Many of the craft are expected to survive falling to Earth—those falling to moon’s surface, on the other hand will perish. Those who sign on to the project and buy a craft will be able to watch as their Pocket Spacecraft is made, tested, packed and carried to a rocket for launch.On its Kickstarter page, the team says they hope to collect the £290,000 goal needed for the project to proceed, and that if all goes as planned, would like to create a similar project for launching tiny craft to other planets in the solar system as well. More information: www.kickstarter.com/projects/1 … t-on-a-mission-to-thpocketspacecraft.com/about/press/This story was corrected: 4am July 3, 2013. (Phys.org) —One of the team members who successfully launched KickSat on Kickstarter has started a new project called “Pocket Spacecraft” with the aim of launching thousands of CD shaped “space craft” into space and landing them back on Earth or on the moon. Explore further This document is subject to copyright. Apart from any fair dealing for the purpose of private study or research, no part may be reproduced without the written permission. The content is provided for information purposes only. Citation: KickSat co-creator, team launches new ‘Pocket Spacecraft’ project on Kickstarter (2013, July 2) retrieved 18 August 2019 from https://phys.org/news/2013-07-kicksat-team-pocket-spacecraft-kickstarter.html KickSat was a project that was designed to allow anyone (for a small price) to put a tiny satellite aboard a rocket and have it launched and sent into an orbit around Earth. That Kickstarter project reached its funding goals and is now scheduled for launch sometime later this year. In this new project, the team wants to give anyone who wishes to do so, the opportunity to send a craft to space and back, or more optimistically, to the moon.At the heart of the project is the Pocket Spacecraft—it’s shape and size is similar to a DVD only smaller and much thinner. The idea is to pack thousands of them onto a craft that is itself put aboard a rocket. Upon launch, some of the Pocket Spacecraft will be released into space where they will fall back to Earth—others will continue on to the moon where they will be set free to crash-land onto its surface.Each Pocket Spacecraft is up for sale—those who wish to purchase one can upload pictures or messages to it, or even add some programming. Each has a solar panel on it, electronic circuitry and communications gear that will allow for its owner to track its movements with their cell phone. Prices for the Pocket Spacecraft vary depending on whether the buyer wants their craft to fall back to Earth (Earth Scout-£99), or travel on to the moon (Lunar Scout-£199). Other options are also available to allow for groups to share a craft. © 2013 Phys.org NASA considering capturing and placing asteroid into moon orbit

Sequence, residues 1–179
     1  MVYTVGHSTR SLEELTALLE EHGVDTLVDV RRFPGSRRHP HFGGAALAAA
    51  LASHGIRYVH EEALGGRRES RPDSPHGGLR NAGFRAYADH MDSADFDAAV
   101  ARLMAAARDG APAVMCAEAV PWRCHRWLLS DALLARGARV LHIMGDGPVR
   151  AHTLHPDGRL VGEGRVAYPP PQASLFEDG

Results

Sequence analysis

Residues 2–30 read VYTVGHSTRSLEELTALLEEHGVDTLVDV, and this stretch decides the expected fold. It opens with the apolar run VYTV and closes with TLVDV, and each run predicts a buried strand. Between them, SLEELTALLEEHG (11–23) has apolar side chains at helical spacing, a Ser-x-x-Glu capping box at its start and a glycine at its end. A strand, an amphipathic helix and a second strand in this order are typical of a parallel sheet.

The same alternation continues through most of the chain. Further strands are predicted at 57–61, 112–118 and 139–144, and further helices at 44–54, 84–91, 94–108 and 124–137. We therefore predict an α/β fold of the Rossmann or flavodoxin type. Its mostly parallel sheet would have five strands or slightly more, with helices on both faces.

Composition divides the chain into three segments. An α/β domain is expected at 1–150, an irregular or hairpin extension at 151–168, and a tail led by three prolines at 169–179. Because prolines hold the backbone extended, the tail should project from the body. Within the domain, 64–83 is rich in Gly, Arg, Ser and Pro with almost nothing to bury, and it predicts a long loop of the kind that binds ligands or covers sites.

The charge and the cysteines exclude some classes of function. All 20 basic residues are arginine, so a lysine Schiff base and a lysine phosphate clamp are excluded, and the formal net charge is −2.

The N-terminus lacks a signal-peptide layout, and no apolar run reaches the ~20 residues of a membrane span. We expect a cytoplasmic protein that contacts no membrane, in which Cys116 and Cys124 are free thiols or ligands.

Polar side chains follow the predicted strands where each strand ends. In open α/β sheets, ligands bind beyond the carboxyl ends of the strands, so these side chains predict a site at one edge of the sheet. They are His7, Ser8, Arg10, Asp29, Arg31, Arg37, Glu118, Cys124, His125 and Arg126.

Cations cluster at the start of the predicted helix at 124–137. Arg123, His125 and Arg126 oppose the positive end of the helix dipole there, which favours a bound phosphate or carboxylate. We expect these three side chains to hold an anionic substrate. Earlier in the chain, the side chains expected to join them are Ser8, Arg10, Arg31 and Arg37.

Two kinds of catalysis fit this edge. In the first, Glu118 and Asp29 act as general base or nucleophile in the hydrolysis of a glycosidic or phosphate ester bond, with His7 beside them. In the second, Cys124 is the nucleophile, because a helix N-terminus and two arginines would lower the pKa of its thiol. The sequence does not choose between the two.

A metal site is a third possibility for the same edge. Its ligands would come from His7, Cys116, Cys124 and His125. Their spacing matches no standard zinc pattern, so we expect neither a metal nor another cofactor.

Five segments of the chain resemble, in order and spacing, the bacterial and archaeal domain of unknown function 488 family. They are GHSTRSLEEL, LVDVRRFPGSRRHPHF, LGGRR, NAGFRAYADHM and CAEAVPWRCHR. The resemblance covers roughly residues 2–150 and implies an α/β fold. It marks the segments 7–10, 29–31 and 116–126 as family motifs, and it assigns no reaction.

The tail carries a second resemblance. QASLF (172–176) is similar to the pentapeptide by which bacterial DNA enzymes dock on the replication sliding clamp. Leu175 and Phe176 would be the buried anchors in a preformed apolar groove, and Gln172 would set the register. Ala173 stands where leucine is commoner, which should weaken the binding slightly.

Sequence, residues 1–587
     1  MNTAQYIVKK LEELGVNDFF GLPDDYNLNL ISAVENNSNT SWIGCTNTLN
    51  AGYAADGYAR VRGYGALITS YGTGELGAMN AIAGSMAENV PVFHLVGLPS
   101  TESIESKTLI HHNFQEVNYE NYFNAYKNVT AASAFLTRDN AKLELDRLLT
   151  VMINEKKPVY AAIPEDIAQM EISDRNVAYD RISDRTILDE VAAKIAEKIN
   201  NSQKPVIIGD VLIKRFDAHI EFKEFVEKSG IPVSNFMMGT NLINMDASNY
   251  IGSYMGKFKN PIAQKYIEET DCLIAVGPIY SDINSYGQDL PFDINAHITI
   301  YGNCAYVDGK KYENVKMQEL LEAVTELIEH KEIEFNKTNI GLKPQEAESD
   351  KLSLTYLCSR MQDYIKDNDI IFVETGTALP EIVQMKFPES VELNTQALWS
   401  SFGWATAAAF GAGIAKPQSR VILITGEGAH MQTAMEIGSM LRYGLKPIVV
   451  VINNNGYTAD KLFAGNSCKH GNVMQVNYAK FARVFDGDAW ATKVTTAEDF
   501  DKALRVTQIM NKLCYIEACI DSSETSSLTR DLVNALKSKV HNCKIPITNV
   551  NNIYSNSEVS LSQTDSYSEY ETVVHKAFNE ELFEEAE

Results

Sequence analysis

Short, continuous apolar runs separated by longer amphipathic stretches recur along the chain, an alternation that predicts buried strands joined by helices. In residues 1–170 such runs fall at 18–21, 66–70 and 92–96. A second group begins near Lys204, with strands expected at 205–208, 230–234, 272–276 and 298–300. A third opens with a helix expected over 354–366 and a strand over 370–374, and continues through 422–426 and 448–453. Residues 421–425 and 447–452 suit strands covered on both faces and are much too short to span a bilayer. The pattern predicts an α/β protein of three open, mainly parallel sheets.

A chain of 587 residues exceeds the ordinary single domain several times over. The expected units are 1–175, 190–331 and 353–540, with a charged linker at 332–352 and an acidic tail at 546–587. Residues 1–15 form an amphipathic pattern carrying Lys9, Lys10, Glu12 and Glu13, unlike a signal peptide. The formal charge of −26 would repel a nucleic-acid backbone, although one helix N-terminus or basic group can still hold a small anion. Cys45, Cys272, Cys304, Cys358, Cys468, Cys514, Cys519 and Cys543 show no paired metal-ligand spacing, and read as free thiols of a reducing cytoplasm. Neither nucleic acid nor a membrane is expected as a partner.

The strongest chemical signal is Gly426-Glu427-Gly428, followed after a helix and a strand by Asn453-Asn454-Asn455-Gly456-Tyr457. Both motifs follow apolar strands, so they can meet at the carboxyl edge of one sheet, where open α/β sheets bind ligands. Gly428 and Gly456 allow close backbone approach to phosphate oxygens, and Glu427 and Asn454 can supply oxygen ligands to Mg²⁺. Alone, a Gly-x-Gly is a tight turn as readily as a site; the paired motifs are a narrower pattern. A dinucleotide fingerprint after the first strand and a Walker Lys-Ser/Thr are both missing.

Journal information: Nature Materials Representative micrographs showing cross-sections of hMSCs 36 h after encapsulation into 3D matrices made from the shortest (P1) and the longest polymer (P6) and constant GRGDS density, visualized by bright-field microscopy. Credit: (c) Nature Materials (2015). DOI: 10.1038/nmat4483 The extracellular matrix (ECM) plays an important role in controlling what happens within a cell by way of physical properties like stiffness and topography. This type of interaction in which mechanical properties lead to a series of biochemical activity is known as mechanotransduction. One are of interest is how ECM stress-stiffness influences stem cell differentiation.In order to study the mechanism behind stiffness-induced cell differentiation, researchers have tried to mimic the ECM environment. Prior studies employed several different systems to do this, including ECM-protein-derived hydrogels, synthetic polymers, and elastomeric mircopost arrays. Each of these has its strengths and weakness in how well it replicates the ECM. Das, et al. have designed a new type of cell culture system to mimic a three-dimensional ECM. They developed a thermoresponsive hydrogel from oligo(ethylene)glycol polyisocyanopeptides (PICs) that they can use to study the effects of stress-stiffening on human mesenchymal stem cells (hMSCs) in a three-dimensional setting by changing the length of the ethylene glycol portion of the polymer.After making their synthetic polymers, they were functionalized with known stem cell adhesives. Analysis of the polymers showed that all of the polymers were soft and exhibited similar stiffness with critical stress measurements falling within a biologically relevant range. Additionally, critical stress was found to increase linearly as a function of polymer chain length. Das, et al. then used their hydrogel polymers to investigate how stress-stiffening affected hMSC differentiation. Cells were cultured in a 3D matrix of the hydrogel surrounding the hMSCs. Markers for differentiation appeared after 96 hours. The cultures were tested for markers for osteogenesis and adipogenesis. Das, et al. found that cells cultured in the gel with the lowest critical stress demonstrated adipogenesis, while cells cultured in higher critical stress progressively favored osteogenesis over adipogenesis. Additional studies using RGD-modified polymers in the presence of antibodies showed that ligand interactions played an important role in mediating how stress-stiffening informs differentiation.Das, et al. suspected that microtubule dynamics likely plays a role in stem cell fate based on the results of treating their cells with cytochalasin D, actin polymerization inhibitor, and Taxol, a microtubule stabilizing agent. They decided to investigate how exactly microtubule dynamics is at work in this system by looking at the role of DCAMKL1 and RUNX2 in stress-stiffening and hMSC cell fate. DCAMKL1 is a known microtubule-associated protein and represses RUNX2. RUNX2 is an early osteogenesis marker. They found that DCAMKL1 expression was lowest in the longest polymers, those with highest critical stress, and its expression increased in gels with lower critical stress. Additionally, RUNX2 expression was not observed in low critical stress polymers, but was in the higher ones. Analysis confirmed a switch-like relationship between DCAMKL1 and RUNX2 and correlates to hMSCs’ preference for osteogenesis in the presence of higher stress-stiffening. The authors report that this is the first time DCAMKL1, a microtubule-associated protein, has been shown to be involved in stress-stiffening-mediated mechanotransduction pathway and demonstrates how microtubule dynamics is involved in hMSC cell fate.This study provides a new three-dimensional hydrogel for investigating stress-stiffening, and using this new hydrogel, Das, et al. were able to identify a new mechanotransduction pathway that controls hMSC differentiation that is distinctly different from two-dimensional systems. (Phys.org)—Several properties of the extracellular matrix affect cellular interaction, including stem cell differentiation. Some of these are physical properties, such as topography and matrix stiffness. In an effort to investigate these physical properties, Rajat K. Das, Veronika Gocheva, Roel Hammink, Omar F. Zouani, and Alan E. Rowan from Radbound University in The Netherlands, and the company Histide in Switzerland designed a model 3D hydrogel polymer system that demonstrates how stress-stiffening in the extracellular matrix causes human mesenchymal stem cells to favor osteogenesis over adipogenesis. Using their new model system, they determined that the expression of DCAMKL1, a microtubule associated protein, is decreasing when stress-stiffness is higher, demonstrating a novel pathway in which microtubule dynamics affects cell fate. Their work appears in Nature Materials. Growing bone cells: New method allows for more control in the differentiation of stem cells into bone cells More information: Rajat K. Das et al. Stress-stiffening-mediated stem-cell commitment switch in soft responsive hydrogels, Nature Materials (2015). DOI: 10.1038/nmat4483AbstractBulk matrix stiffness has emerged as a key mechanical cue in stem cell differentiation. Here, we show that the commitment and differentiation of human mesenchymal stem cells encapsulated in physiologically soft (~0.2–0.4 kPa), fully synthetic polyisocyanopeptide-based three-dimensional (3D) matrices that mimic the stiffness of adult stem cell niches and show biopolymer-like stress stiffening, can be readily switched from adipogenesis to osteogenesis by changing only the onset of stress stiffening. This mechanical behaviour can be tuned by simply altering the material’s polymer length whilst maintaining stiffness and ligand density. Our findings introduce stress stiffening as an important parameter that governs stem cell fate in a 3D microenvironment, and reveal a correlation between the onset of stiffening and the expression of the microtubule-associated protein DCAMKL1, thus implicating DCAMKL1 in a stress-stiffening-mediated, mechanotransduction pathway that involves microtubule dynamics in stem cell osteogenesis. © 2015 Phys.org Citation: New hydrogel gives clues to mechanism behind stress-stiffening-mediated mesenchymal stem cell fate (2015, December 17) retrieved 18 August 2019 from https://phys.org/news/2015-12-hydrogel-clues-mechanism-stress-stiffening-mediated-mesenchymal.html Explore further This document is subject to copyright. Apart from any fair dealing for the purpose of private study or research, no part may be reproduced without the written permission. The content is provided for information purposes only.